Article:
Nothing's changed since Nia, Moko inquest told

7:09 pm on 3 October 2017

A woman who has worked with abused women and children has told an inquest nothing has improved in the years between two preschoolers' violent deaths.

Moko Sayviah Rangitoheriri

Moko Rangitoheriri died in 2015. Photo: NZ Police

Three-year-old Moko Rangitoheriri was abused and beaten to death by his caregivers Tania Shailer and David Haerewa in Taupō in 2015.

The pair were sentenced to 17 years in prison for his manslaughter.

An inquest into his death has re-opened in Rotorua today. The first part of the inquest was held in August.

Giving evidence, social advocate Merepeka Raukawa-Tait said nothing had really changed since 2008 when another toddler, Nia Glassie, was violently killed by the adults she lived with.

Social factors affecting whānau, including poverty, were not being addressed by the government and agencies found it very hard to provide the assistance needed, Ms Raukawa-Tait said.

More needed to be done to provide a family-wide approach with a strong emphasis on cultural identity, she said.

Paediatrician Johan Morreau told the inquest the level of violence meted out to Moko was seriously disturbing.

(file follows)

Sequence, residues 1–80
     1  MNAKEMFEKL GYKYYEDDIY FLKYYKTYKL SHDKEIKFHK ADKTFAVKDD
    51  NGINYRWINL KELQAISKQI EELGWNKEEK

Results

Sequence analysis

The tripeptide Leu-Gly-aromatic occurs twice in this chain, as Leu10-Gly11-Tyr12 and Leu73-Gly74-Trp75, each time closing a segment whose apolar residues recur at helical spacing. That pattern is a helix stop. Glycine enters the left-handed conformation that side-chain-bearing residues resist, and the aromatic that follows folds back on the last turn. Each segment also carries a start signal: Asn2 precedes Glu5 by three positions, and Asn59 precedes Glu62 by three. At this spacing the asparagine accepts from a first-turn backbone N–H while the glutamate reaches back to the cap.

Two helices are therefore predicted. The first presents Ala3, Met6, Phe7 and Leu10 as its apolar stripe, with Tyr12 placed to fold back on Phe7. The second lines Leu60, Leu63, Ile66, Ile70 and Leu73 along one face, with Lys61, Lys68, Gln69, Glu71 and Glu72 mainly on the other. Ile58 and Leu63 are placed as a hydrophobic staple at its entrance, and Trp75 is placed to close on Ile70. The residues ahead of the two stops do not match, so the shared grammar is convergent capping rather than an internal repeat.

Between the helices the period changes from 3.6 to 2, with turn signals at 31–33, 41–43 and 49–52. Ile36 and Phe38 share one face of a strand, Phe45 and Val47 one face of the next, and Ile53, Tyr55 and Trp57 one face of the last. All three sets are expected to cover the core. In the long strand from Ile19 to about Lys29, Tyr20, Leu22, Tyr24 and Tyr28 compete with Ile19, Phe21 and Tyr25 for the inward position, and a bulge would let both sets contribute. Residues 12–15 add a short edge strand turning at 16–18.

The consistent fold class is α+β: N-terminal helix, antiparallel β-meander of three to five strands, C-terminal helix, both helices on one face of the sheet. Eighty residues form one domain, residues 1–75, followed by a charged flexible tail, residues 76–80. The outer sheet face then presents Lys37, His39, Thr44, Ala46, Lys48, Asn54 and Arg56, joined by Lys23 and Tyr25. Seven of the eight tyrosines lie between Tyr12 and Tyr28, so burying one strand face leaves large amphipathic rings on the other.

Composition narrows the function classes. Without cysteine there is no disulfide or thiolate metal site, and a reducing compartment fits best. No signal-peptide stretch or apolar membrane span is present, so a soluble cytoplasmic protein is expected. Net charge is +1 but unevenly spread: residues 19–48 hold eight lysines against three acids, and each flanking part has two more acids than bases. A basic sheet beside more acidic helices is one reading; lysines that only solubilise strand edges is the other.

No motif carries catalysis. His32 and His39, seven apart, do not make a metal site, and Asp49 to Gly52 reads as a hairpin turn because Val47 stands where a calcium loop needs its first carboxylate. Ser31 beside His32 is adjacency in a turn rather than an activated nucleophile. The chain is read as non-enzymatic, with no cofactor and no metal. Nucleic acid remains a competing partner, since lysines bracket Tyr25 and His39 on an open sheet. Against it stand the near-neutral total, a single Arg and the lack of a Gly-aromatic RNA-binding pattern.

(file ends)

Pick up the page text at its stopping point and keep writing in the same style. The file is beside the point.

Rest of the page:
He had never seen a comparable case in his 34-year career, he said.

"For me this is symptomatic of the level to which we, as a country, have undervalued our children and significant proportions of our people; and how collectively we've allowed our standards of support and care to fail."

People needed to clearly understand the issues in society that made Moko's death more likely, Dr Morreau said.

During the first part of the inquest in August, Moko's mother Nicola Dally-Paki said she placed Moko and his sister with Shailer and Haerewa because she had known Shailer for 15 years and assumed the children would be safe.

The Ministry for Vulnerable Children told the inquest then that Shailer did not trigger any alarms and seemed credible to staff, and that social workers could not be expected to be mind-readers.

Today, the ministry told the inquest it had made changes to its Taupō office since Moko's death.

It had employed six new staff, bringing the number of social workers in the office to 13.

Bay of Plenty regional manager Tayelva Petley said Moko's death had been a sad journey for staff, as it was their aim wherever possible to prevent mokopuna coming to harm.

Staff were deeply saddened they were unable to do that for Moko, she said.

Children's Commissioner Judge Andrew Becroft said the main blame for Moko's death rested mainly with those who abused and beat him.

"I do not want to minimise the fact that only those who have inflicted the violence in this case could have guaranteed Moko's safety.

"And it is important in this exercise that we don't shift the primary blame from those two people."

But Mr Becroft said government agencies and at least three NGO's and family friends must bare some responsibility for Moko's death.

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